After Richmond Burned

The sun rose, red as a welt
over the charred brick
facade of a ruined mill,
its windows gaping like eye sockets
above a business district
that would be rebuilt to take in
my great-grandfather from Bavaria,
who was swept up, black hat in hands,
at the unveiling of Robert E. Lee's statue.
He put a Rebel flag in his lapel
to trade with the wounded and the proud
until the Depression spit out his business,
sent him off the third-story balcony,
and my grandfather, shame-faced,
to the tobacco factory, suffocating humidity,
his breath an ember in his throat.
My mother stirred rationed sugar
into her tea—the bag always re-used—
with monogrammed silver spoons.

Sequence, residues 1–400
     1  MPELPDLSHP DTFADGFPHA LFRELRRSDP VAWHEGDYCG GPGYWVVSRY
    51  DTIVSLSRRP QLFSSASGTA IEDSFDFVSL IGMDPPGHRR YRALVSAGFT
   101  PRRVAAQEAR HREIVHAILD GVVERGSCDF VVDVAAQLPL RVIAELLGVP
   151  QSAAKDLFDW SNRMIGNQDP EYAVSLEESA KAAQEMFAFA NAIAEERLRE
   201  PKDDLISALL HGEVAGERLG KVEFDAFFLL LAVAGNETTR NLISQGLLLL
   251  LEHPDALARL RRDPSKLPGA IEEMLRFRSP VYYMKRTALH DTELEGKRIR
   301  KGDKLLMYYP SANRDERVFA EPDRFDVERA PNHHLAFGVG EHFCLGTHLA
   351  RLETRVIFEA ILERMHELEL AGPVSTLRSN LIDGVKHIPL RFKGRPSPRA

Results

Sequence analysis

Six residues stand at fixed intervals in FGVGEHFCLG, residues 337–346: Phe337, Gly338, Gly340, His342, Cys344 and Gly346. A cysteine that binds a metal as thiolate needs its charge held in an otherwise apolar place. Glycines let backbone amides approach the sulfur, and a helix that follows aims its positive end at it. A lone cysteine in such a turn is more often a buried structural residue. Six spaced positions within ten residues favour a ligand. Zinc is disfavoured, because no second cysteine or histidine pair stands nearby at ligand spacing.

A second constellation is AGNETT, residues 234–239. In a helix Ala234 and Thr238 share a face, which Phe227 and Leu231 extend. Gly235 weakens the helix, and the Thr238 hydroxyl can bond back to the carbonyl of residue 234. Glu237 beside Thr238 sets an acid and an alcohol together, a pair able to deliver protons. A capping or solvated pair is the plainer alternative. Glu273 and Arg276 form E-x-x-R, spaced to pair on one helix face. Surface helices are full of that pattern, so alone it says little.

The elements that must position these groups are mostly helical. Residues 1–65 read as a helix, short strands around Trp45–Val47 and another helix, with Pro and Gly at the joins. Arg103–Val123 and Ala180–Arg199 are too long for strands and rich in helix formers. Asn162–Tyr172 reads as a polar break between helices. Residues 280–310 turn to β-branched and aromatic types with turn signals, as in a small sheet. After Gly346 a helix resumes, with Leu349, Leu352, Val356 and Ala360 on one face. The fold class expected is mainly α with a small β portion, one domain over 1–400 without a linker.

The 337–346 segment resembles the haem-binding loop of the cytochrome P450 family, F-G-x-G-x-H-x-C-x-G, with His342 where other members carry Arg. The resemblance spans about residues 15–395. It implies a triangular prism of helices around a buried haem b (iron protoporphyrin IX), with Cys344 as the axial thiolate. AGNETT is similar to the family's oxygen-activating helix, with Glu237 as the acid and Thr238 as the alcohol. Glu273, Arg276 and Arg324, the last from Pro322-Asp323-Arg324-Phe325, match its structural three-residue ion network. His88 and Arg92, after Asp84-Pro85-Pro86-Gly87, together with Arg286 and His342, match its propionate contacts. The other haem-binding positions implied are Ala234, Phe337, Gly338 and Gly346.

At my school, Afros bloomed
like strange mushrooms around me—
get lost, white girl,
in the asphalt heat on the playground;
keep going past the camellia bushes
in my mother's yard overgrown,
at supper every night, her face like concrete;
across the Huguenot Bridge, the metal railing where I fell
in love with the roar and vertigo of the James River;
the dance hall where I skulked in the raucousness
after my boyfriend left, wandered Broad Street,
chicken and ribs joints, vacant
lots where I wove through cones in driver's ed
until I learned enough to speed
away, camshaft churning everything
slammed inside
my car heading north.